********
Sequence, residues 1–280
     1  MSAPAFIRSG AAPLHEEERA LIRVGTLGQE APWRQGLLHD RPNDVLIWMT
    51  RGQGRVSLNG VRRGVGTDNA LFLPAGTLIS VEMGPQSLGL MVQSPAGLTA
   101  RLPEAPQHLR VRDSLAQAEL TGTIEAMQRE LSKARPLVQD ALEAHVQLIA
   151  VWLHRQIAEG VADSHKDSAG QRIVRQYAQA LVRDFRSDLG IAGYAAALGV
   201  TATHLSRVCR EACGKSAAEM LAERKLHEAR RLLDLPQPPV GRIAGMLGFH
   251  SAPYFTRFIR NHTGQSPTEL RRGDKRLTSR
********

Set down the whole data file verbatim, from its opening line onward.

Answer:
Sequence, residues 1–280
     1  MSAPAFIRSG AAPLHEEERA LIRVGTLGQE APWRQGLLHD RPNDVLIWMT
    51  RGQGRVSLNG VRRGVGTDNA LFLPAGTLIS VEMGPQSLGL MVQSPAGLTA
   101  RLPEAPQHLR VRDSLAQAEL TGTIEAMQRE LSKARPLVQD ALEAHVQLIA
   151  VWLHRQIAEG VADSHKDSAG QRIVRQYAQA LVRDFRSDLG IAGYAAALGV
   201  TATHLSRVCR EACGKSAAEM LAERKLHEAR RLLDLPQPPV GRIAGMLGFH
   251  SAPYFTRFIR NHTGQSPTEL RRGDKRLTSR